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Researchers reveal how stress levels affect biological clock

Using mice as experimental subjects, a research team led by Professor Shigenobu Shibata (Graduate School of Advanced Science and Engineering) and Professor Yu Tahara (Institute for Advanced Study) has revealed how individual stress levels can distort one’s biological clock.

All of our bodies have biological clocks that help maintain equilibrium among various physiological functions. Distortion of this biological clock is said to increase the risk of obesity, diabetes, and cancer. Prior to this research, we understood that stress hormones affect one’s biological clock. However, we did not not know what kind of effect individual stress levels produce.

Through this research, we understand that stress levels, particularly at night, are capable of distorting one’s biological clock. Furthermore, we understand that physical and emotional stress greatly distorts the biological clock of the brain and internal organs and through developing resistance, one can lessen this distortion.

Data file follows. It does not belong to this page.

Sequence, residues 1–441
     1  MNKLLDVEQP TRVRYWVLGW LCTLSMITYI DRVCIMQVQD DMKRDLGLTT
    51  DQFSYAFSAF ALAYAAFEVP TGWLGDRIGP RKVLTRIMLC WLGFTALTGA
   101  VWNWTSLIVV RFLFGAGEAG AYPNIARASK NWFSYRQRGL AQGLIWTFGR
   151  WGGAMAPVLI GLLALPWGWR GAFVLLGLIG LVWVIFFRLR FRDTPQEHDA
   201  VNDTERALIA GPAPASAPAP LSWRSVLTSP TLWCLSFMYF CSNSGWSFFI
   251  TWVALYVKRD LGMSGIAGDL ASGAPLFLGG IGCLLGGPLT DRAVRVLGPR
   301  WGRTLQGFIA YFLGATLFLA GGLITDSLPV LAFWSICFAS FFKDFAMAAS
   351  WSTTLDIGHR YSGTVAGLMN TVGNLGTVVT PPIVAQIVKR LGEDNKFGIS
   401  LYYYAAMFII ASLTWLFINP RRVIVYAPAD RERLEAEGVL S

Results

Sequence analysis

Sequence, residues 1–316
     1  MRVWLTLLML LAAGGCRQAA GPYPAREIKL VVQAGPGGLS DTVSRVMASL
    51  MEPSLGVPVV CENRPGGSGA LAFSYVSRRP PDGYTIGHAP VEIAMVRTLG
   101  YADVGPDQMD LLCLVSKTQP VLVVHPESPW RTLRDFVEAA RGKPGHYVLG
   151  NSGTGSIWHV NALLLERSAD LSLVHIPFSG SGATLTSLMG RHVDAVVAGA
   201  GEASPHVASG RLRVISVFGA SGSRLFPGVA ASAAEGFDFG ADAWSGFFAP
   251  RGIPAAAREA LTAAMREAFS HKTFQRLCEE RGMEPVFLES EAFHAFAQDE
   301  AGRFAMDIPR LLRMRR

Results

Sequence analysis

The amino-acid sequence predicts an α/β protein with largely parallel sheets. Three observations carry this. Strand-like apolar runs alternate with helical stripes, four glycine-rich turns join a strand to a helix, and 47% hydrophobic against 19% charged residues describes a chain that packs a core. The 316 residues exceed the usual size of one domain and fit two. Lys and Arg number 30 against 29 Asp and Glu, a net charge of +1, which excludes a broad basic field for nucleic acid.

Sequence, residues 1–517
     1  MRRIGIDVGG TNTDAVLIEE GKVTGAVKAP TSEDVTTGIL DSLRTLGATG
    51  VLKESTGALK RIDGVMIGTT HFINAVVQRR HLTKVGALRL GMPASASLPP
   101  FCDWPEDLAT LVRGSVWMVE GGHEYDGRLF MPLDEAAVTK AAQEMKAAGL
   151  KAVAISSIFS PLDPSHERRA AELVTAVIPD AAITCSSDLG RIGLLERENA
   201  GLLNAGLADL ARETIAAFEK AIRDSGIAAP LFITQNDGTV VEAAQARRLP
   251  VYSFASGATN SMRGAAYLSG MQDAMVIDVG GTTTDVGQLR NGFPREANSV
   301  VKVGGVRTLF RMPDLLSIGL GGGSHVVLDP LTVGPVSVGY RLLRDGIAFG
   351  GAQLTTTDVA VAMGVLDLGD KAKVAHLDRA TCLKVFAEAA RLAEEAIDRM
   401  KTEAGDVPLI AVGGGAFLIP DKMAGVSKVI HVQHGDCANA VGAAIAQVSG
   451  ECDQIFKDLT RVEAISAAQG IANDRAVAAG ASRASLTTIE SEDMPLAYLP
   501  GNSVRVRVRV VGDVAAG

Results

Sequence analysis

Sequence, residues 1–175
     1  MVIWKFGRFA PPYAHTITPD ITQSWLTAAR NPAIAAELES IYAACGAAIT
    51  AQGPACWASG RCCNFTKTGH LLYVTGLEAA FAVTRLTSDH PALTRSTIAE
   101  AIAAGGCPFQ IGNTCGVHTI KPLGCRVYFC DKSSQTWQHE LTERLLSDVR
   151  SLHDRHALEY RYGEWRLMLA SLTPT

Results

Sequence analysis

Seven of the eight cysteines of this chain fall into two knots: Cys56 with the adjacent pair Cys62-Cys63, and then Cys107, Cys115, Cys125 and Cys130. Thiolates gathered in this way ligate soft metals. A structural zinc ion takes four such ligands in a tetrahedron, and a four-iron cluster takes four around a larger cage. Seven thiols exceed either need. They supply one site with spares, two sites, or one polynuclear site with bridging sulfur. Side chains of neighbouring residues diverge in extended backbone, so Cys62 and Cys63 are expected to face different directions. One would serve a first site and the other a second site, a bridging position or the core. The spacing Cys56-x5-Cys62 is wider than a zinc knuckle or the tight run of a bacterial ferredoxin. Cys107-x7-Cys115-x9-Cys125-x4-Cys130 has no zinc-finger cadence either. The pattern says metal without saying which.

This research achievement is the result of an association between a Waseda University consortium led by Professor Shigenobu Shibata and the Japanese Government Cabinet Office’s Cross-ministerial Strategic Innovation Promotion Program. This research received a grant-in-aid for scientific research from the Japan Society for the Promotion of Science and received support from the Public Health Research Foundation.

Research results were published in the English Nature Publishing Group’s online science journal, “Scientific Reports.”

Entrainment of the mouse circadian clock by sub-acute physical and psychological stress